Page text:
I was very familiar with this approach myself, though always too dramatic to give my ex-whatevers a funny name, preferring to stick with things like This Person Doesn’t Love You or Sociopath. My personal habit dates back to 2005, on the first cell phone I ever owned (a Nokia) with the first boyfriend I ever had (Biggest Asshole In The World). Years after we broke up and I long forgot about him and his rampant cheating, I ran into him on the main drag of our hometown neighborhood. Since this was before everyone had a cell phone, he asked to borrow mine and quickly call home. Imagine my horror/delight when he realized how I’d decided to rebrand him.
“I used to change numbers to funny things like Have Dignity so I’d remember the inevitable shitshow that answering or reaching out would cause,” says writer Alana Massey, who once named a guy Good Luck With Your Measles because he was revealed to be an anti-vaxxer. The idea is to “forget that contact was ever an option.” Similarly, when Alix McAlpine, a director of brand strategy, became single for the first time in five years, she found she had “no self-control when it came to running something into the ground. Sober Alix was trying to manage Drunk Alix’s bad texting impulses” with names like No Alix No and Bad Bad. MEL contributing writer Tierney Finster says she does it because she’s better at “setting boundaries than honoring them,” thus Don’t Fucking Respond.
Lest you think women are the only ones labelling their relationships with a coded Do Not Resuscitate, I found plenty of men who do the exact same thing. “I’d change their name to something repellent or discouraging,” says a guy who follows me on Instagram. “One ex became Boring Bloodless after she left me. A stalky type became Anonymous Caller. More recently, trying not to backslide for umpteenth time, I tried Never Again.”
Similarly, MEL video editor Ernest Crosby once went with DNA, short for Do Not Answer because “DNA staring you in the face makes you think about your choices,” he says. “You have to trust your past you. So I had to change the name because I couldn’t trust the future me.” There’s also the guy who changed a bad one-night-stand to Don’t Do It. “After some time passed, the details of who they were faded,” he explains. “Not at first, but if you asked me now what her name was or what she looked like, I couldn’t tell you.”
But name-changing isn’t only for those looking to entirely forget someone. I have a friend who after an incredibly fraught off-again, on-again love affair stayed with the guy, but she keeps him saved as a reminder of the worst thing he ever did to her as his middle name: John Bought His Ex-Wife A Car Doe. (I’ve obviously changed the first and last name here to protect the “innocent.”) I wondered how this works since they now live together. “Every time we interact, I keep boundaries in mind because I can’t forget this person betrayed me and fall for their shit again,” she says. “But there’s a downside, which is that it can also cement that pain forever so that it becomes the headline even when it should start to fade into the background.”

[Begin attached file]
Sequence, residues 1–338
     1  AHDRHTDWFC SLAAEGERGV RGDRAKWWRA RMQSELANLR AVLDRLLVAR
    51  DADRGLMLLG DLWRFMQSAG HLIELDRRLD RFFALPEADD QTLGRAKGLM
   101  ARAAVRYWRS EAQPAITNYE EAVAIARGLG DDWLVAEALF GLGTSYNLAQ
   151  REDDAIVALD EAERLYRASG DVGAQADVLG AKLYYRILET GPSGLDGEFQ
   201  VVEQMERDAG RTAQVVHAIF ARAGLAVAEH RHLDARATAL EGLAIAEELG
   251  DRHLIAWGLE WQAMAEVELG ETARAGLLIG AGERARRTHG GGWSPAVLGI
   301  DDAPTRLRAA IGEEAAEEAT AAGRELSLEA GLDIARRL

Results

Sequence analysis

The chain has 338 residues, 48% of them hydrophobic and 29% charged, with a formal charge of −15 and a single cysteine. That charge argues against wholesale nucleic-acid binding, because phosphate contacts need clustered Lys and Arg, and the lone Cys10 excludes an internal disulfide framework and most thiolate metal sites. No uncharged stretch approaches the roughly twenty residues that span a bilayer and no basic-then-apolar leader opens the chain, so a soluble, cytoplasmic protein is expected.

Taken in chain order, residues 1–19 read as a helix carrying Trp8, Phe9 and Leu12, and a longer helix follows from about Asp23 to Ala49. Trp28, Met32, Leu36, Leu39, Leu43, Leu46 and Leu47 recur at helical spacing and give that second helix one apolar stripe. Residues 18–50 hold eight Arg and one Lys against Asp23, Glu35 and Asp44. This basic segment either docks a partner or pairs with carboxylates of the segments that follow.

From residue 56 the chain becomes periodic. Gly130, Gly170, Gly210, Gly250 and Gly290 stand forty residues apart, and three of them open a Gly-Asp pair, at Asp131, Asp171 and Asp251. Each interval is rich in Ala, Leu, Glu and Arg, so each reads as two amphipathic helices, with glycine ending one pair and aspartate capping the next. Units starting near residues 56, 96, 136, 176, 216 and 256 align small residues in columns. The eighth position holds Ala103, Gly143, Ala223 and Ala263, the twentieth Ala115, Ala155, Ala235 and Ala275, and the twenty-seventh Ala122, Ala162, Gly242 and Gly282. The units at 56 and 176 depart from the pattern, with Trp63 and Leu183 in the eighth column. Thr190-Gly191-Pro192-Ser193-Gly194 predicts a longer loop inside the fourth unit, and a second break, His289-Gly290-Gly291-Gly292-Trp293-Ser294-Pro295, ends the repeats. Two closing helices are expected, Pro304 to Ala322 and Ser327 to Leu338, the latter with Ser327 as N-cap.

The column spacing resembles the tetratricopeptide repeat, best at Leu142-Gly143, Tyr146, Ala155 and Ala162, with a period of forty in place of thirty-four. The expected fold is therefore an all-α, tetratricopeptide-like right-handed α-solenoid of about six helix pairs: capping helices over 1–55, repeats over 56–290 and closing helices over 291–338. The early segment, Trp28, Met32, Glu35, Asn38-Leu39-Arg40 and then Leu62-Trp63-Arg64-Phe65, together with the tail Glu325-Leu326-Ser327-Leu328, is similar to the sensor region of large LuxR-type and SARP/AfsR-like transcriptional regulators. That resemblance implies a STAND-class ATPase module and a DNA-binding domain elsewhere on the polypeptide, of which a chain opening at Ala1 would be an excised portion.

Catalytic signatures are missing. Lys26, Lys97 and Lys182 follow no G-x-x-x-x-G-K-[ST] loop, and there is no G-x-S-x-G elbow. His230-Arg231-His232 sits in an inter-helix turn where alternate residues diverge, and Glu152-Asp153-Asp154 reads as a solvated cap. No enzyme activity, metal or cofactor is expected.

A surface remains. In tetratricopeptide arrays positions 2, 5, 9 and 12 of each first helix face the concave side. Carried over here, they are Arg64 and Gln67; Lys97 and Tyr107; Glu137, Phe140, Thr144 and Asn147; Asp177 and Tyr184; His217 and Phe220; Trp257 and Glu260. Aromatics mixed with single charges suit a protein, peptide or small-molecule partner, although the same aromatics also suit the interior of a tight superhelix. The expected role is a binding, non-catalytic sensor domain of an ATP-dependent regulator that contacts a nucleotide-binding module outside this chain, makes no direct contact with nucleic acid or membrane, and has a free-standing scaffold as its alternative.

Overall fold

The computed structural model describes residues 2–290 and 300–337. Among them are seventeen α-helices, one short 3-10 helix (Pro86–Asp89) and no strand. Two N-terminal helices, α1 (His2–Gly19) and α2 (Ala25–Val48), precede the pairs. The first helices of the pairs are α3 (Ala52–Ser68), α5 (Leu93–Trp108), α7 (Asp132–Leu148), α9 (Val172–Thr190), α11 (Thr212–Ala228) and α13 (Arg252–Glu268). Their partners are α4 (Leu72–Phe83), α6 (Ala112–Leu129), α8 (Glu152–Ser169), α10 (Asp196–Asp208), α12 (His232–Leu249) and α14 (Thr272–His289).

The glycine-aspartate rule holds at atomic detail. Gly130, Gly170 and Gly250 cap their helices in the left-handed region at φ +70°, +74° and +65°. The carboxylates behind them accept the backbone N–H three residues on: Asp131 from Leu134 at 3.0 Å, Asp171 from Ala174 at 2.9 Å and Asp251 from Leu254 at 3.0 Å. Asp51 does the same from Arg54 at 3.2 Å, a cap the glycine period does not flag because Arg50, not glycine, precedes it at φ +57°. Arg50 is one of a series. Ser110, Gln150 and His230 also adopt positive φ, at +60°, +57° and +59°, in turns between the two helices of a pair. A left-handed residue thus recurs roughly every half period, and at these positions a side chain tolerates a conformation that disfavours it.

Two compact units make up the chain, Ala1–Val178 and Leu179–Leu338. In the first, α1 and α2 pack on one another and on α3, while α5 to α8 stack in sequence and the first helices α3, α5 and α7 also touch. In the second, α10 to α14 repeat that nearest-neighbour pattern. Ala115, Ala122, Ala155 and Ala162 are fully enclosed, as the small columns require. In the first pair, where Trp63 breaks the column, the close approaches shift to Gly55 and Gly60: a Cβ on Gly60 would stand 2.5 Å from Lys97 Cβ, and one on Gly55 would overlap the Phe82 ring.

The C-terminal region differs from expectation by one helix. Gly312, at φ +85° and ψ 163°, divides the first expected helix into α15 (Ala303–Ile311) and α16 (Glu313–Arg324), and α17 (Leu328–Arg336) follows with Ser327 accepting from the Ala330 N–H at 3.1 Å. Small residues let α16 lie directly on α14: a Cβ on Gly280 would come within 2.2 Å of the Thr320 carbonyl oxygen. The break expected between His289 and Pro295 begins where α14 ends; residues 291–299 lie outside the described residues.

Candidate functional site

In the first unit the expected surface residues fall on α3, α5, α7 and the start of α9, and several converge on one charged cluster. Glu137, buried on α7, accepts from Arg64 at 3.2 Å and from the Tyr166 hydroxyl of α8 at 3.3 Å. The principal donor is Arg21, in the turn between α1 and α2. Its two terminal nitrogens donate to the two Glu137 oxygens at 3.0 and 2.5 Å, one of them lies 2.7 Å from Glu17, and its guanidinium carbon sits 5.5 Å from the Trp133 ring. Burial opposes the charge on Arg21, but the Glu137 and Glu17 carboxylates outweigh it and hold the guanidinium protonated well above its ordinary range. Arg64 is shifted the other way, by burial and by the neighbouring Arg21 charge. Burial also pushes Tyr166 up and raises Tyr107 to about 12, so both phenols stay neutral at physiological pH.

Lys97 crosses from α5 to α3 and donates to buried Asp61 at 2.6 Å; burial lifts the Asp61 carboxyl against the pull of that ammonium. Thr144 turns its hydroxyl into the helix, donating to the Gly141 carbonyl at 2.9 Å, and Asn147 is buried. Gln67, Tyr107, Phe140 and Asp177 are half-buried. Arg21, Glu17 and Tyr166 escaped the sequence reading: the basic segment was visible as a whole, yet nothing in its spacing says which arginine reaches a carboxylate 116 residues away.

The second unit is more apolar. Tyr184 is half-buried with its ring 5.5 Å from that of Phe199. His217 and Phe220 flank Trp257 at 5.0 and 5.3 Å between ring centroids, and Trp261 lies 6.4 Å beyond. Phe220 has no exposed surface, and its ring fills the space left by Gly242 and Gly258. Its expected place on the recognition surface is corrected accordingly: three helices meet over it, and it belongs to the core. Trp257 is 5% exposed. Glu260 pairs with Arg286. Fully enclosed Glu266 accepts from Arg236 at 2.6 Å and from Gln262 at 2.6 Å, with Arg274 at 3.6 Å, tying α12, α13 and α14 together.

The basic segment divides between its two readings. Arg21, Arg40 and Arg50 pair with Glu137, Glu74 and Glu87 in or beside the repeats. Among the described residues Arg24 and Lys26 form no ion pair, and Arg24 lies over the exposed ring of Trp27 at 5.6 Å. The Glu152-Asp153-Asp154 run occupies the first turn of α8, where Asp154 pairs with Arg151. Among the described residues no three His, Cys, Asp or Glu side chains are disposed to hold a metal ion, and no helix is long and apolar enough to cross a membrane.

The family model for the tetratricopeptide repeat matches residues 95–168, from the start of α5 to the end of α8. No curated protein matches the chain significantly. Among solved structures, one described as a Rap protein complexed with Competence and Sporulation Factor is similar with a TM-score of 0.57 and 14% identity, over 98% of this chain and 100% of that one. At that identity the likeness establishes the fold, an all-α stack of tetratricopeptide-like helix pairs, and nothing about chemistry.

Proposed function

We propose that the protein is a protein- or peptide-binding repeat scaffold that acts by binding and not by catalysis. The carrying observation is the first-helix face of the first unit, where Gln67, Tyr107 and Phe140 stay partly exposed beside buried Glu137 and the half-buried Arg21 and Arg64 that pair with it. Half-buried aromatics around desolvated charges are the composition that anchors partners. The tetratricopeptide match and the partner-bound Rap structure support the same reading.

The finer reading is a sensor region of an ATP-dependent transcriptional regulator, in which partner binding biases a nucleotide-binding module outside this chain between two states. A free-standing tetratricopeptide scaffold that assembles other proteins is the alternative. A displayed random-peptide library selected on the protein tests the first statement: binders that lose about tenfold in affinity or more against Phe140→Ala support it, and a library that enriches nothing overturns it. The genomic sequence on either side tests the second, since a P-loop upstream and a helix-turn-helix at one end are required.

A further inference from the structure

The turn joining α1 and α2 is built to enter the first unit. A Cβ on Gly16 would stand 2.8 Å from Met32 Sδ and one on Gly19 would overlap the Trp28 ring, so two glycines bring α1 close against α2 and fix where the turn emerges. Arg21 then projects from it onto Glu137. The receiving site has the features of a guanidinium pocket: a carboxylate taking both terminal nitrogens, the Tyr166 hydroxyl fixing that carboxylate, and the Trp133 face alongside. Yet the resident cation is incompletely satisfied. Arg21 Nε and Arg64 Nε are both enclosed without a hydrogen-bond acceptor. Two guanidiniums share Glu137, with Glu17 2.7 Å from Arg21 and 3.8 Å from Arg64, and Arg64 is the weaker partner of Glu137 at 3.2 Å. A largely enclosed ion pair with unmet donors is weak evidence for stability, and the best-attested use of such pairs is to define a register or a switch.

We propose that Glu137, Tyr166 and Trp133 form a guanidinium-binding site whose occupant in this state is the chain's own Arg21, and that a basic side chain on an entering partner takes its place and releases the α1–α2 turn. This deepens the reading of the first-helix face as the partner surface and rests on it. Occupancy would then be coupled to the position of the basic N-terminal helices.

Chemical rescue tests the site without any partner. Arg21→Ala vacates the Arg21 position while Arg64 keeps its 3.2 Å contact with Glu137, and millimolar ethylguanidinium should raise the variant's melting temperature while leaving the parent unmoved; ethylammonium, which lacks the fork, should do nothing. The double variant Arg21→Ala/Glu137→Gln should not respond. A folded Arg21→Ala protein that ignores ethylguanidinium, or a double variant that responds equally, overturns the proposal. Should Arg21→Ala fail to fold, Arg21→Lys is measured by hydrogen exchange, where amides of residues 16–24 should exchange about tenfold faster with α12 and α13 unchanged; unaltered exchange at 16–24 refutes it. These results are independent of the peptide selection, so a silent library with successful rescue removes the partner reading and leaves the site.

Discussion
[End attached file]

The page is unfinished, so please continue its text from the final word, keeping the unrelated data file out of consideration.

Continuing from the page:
Which complicates the main question here: Does this behavior actually work in curbing interactions?
Some say yes. Others, no.
The most common takeaway is something along these lines: “Not sure it ever works — I’m a compulsive person — but it’s funny when it’s not terribly sad.”
Writer Grace Spelman, of the iconic name changes He Doesn’t Even Like You; Don’t Drunk Text This Number; and The More You Text Him The Harder It Will Get JUST CUT OFF THE BANDAID, admits that “changing the name is the second-to-last stop before I delete the number entirely. It does help! But also, I usually end up texting them at least once. Like, I’ll still probably text them because I’m weak, but I do it less if I change their contact name.”
We should probably define what we consider “working” in this case. Because the way I see it, if you really wanted to cease contact, you’d block them entirely or download one of the many apps that exist solely to curb drunk texting. “On some weird fucked-up level, when I do it, I’m probably still not ready to let go,” my friend with all the Daddies confesses. “A part of the toxicity is the inability to quit it.” In short, we change names because we wish we could change people.
On the upside, she continues, “I haven’t put a new daddy in my phone in a long time because I’ve made a new decision to not date assholes or people whose full names I don’t want in my phone. So in that sense at least, it’s freeing.”